Thomas Cook rescued from debt doom

Holiday giant out of danger zone

What’s happened to Thomas Cook?

News broke today of Thomas Cook and their financial troubles. It is a massive group with £9bn in annual sales, 19 million customers a year and 22,000 staff operating in 16 countries.

However, today the BBC reported Thomas Cook in £750m rescue deal talks. It is in talks with Fosun the largest shareholder in the company. Although not yet finalised it looks likely that the Chinese investor will buy the tour business.

Thomas Cook’s chief executive, Peter Fankhauser, said the proposal was “not the outcome any of us wanted” but was “pragmatic”.

Recent financial history

Thomas Cook undertook a strategic review in February 2019 and in March, it announced plans to close 21 of its high-street holiday stores, costing more than 300 jobs, and in May, it revealed a £1.5bn half-year loss.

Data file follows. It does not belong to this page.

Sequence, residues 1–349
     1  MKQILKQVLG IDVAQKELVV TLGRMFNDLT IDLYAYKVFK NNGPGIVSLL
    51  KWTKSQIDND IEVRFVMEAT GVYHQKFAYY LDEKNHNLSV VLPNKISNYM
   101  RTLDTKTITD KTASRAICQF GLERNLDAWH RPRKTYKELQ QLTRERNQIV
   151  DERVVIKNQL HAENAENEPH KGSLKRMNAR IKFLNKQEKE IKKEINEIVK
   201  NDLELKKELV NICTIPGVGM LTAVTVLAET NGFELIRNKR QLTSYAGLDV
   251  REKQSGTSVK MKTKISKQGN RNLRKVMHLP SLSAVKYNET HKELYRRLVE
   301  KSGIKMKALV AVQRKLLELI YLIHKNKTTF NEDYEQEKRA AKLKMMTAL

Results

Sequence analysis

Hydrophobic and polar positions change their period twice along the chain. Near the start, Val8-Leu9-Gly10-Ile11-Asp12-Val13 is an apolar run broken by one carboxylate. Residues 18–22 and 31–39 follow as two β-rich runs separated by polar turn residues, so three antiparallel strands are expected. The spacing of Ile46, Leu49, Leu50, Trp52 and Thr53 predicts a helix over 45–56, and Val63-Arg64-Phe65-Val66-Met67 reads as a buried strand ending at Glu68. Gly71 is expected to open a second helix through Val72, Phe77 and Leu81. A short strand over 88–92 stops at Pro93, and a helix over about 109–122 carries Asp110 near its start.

In December last year shares dropped 60% in value over a period of just 8 days. This was due to concerns over the company’s borrowings (it issued a second profit warning in two months). The travel company’s bonds also dropped in value and the cost of insuring its debt against defaulting on payments reached a record high.

In June this year shares rose 24% when it said it was in talks with Fosum to sell its tour operator business. Today shares opened up with a drop of 40% on news of the proposal.

aeroplane in the sky

So what happened to Thomas Cook?

1) In 2010 Thomas Cook linked up with the Co-operative Travel chain. This provided Thomas Cook with about 1,400 shops but at a time when consumers were beginning to book more and more on line.

2) It has had to face a number of reputation issues. These have included the death of two children. Mother of children killed on holiday says Thomas Cook ‘abhorrent’ after an inquest jury reached a verdict of unlawful killing and ruled that Thomas Cook had breached its duty of care. There were deaths at a hotel in Egypt. Egypt hotel deaths: authorities blame E coli, Thomas Cook ‘notes’ announcement In all the cases Thomas Cook were criticised for their handling of the issues both during and after the events.